The Wide Angle: What could go wrong? Everything, give me time
I’ve been staring at our carpet again, fixating on it with a significant level of loathing.
It’s hard not to stare at our carpet, because we walk and sit on it daily and occasionally roll around on it with our cats.
When we bought the house, I didn’t mind it and I really don’t mind it now, but we have ideas of things we want to do with it. Two people with long hair and two cats has made me realize that I hate vacuuming, but to remedy this is going to require work I’ve never done before.
For a while now, we’ve talked about ripping the carpet up and going with just the wood floors underneath. The thought started creeping up on us a few years ago, but funds often needed to be diverted elsewhere for various reasons, bolstering my ideas that adulting is stupid.
But now it’s starting to get serious again and I’m thinking it might make a nice early spring project.
I did my due diligence and researched how to do it and I feel pretty confident in the act of yanking up the carpet. I’m one of those people that’s really good at taking things apart so long as I don’t have to put it together again. Ripping up the carpet seems easy enough, but after that my confidence kind of jumps right off the table.
A various amount of equipment will have to be rented, which from what I can see will take up a good amount of the expense, provided there isn’t a lot of work that needs to be done on the floor itself — replacing boards where need be and so on.
That’s one of the sticking points that’s worrying me. I came out of high school comfortable in the fact that there are two things I will never be — a professional athlete and a woodworker.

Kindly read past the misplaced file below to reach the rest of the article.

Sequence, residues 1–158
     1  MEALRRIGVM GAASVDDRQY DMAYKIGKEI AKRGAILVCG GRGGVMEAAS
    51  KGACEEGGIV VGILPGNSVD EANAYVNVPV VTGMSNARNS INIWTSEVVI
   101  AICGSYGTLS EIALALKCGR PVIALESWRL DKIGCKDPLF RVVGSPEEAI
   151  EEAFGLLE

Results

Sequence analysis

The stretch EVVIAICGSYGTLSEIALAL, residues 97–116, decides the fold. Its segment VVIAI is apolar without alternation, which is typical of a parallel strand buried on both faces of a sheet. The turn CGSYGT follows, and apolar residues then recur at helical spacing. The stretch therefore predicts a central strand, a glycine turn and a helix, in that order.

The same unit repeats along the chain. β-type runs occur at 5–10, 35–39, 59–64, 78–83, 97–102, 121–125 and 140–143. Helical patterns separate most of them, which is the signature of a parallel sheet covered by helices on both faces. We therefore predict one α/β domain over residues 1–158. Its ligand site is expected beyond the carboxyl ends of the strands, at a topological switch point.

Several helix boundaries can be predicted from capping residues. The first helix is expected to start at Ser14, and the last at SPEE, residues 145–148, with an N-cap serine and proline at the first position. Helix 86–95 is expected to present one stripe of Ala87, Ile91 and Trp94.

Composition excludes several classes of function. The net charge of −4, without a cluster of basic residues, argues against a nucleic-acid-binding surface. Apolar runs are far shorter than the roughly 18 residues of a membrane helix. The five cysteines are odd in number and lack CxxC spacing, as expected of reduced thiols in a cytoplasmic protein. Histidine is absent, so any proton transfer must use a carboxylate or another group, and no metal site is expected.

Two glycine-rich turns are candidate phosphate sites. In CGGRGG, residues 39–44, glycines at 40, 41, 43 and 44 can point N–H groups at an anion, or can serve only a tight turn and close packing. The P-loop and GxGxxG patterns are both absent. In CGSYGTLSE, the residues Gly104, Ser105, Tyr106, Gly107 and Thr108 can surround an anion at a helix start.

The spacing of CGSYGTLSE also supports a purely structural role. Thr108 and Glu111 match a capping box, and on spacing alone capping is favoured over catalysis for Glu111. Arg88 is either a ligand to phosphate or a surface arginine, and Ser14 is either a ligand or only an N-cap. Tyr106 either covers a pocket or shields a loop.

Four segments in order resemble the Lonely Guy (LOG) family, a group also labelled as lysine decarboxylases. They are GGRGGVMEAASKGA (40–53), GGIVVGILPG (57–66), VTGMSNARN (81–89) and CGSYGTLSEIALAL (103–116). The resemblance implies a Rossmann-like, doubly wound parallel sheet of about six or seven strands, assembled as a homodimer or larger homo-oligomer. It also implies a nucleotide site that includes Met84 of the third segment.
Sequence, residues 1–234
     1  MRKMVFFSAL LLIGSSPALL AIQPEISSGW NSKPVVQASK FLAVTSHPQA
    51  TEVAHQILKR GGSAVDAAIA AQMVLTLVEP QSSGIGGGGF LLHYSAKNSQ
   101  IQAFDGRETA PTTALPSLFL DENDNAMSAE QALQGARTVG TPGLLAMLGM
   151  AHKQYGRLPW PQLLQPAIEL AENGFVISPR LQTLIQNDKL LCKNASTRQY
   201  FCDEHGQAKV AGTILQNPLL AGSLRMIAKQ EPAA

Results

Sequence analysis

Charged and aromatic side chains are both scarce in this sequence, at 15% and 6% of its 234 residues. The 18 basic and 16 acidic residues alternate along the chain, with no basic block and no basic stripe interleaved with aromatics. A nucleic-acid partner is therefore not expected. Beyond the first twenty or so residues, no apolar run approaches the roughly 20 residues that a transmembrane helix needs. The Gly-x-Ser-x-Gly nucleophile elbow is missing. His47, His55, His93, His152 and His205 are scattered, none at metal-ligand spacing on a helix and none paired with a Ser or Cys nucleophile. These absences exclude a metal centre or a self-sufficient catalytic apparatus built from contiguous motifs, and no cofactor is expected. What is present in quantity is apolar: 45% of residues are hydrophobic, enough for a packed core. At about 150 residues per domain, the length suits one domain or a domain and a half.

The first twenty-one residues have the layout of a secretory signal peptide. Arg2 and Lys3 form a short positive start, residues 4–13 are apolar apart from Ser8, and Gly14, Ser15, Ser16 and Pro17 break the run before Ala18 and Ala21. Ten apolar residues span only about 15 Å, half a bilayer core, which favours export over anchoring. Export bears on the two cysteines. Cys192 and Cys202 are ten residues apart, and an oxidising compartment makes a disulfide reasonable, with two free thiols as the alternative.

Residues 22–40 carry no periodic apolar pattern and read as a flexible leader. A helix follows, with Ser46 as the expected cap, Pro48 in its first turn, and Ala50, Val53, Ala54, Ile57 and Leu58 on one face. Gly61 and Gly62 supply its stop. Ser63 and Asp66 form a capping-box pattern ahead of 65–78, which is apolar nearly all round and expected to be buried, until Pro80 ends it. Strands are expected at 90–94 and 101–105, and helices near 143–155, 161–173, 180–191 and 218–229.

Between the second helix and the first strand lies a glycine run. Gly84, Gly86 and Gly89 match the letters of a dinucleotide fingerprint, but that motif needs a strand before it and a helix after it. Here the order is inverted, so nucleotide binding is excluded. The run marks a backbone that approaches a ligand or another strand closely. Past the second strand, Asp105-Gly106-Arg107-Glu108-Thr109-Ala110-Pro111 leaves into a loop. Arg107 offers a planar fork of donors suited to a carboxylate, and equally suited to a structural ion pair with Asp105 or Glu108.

Memory doesn’t serve me real well here, but I think I had at least one year of wood shop and by looking at the things I created, you would be able to tell pretty quickly that my struggles with woodworking came from just one year of woodworking. I made a birdhouse that was serviceable in that I deviated very little from the plan in front of me and birds risked their lives to live in it. The plan was cookie-cutter and hard to truly screw it up, not that I didn’t try with the feverish intent of a boy that also struggled with math.
Honestly, I’m starting to wonder how I even got out of high school at this point.
Nevermind the fact that so many of the machines we used were far bigger than I was. There was a fair share of intimidation in my woodworking that put me in a spot to easily be bullied by a table saw and lathe.
I guess it’s not fair to compare that kind of woodworking to fixing a floor, but it’s wood and I would be working on it so it’s close enough to bring back a bullying complex.
A long time back I remember my mom taking on the task of this ilk — floors, not bird houses. She has said she has complete confidence in my skills to handle this project, but apparently she refuses to note exhibit A of my skills — a chess board where absolutely none of the squares line up right.
I find myself getting excited about this all the same. We have wood in the bedroom and I absolutely love it.
Getting around the house will be interesting as our entire living room will be tucked into the kitchen and dining room, though I’m not entirely how that’s going to work. We just bought a massive couch not long ago and we have a fairly decent sized TV, among all the various other things we have complicating the living room, so getting to the kitchen sink may require the skills of a gymnast, which means I’ll probably have to hire former Austin head gymnastics coach Mark Raymond. He’s always had confidence in my ability to fall into a foam pit and his gymnasts at the time were positively giddy over me trying. I suspect it was to laugh, but have no proof other than their continued insistence that I try.
I really feel that this kind of project shouldn’t be a problem, but then again thinking like this is why I’m often getting lost in the Twin Cities. Well it shouldn’t be too hard to get there … and then I’m in St. Cloud.